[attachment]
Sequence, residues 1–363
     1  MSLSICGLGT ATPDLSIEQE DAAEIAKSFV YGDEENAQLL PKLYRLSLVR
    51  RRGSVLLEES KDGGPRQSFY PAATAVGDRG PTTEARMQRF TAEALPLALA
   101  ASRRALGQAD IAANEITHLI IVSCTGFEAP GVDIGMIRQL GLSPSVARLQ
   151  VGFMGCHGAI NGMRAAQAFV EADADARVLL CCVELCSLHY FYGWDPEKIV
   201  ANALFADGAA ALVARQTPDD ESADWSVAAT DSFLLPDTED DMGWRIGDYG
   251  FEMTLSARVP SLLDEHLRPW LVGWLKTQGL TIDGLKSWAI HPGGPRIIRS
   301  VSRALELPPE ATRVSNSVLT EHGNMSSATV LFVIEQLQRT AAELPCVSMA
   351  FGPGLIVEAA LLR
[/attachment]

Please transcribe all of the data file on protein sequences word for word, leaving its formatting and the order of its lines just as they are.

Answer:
Sequence, residues 1–363
     1  MSLSICGLGT ATPDLSIEQE DAAEIAKSFV YGDEENAQLL PKLYRLSLVR
    51  RRGSVLLEES KDGGPRQSFY PAATAVGDRG PTTEARMQRF TAEALPLALA
   101  ASRRALGQAD IAANEITHLI IVSCTGFEAP GVDIGMIRQL GLSPSVARLQ
   151  VGFMGCHGAI NGMRAAQAFV EADADARVLL CCVELCSLHY FYGWDPEKIV
   201  ANALFADGAA ALVARQTPDD ESADWSVAAT DSFLLPDTED DMGWRIGDYG
   251  FEMTLSARVP SLLDEHLRPW LVGWLKTQGL TIDGLKSWAI HPGGPRIIRS
   301  VSRALELPPE ATRVSNSVLT EHGNMSSATV LFVIEQLQRT AAELPCVSMA
   351  FGPGLIVEAA LLR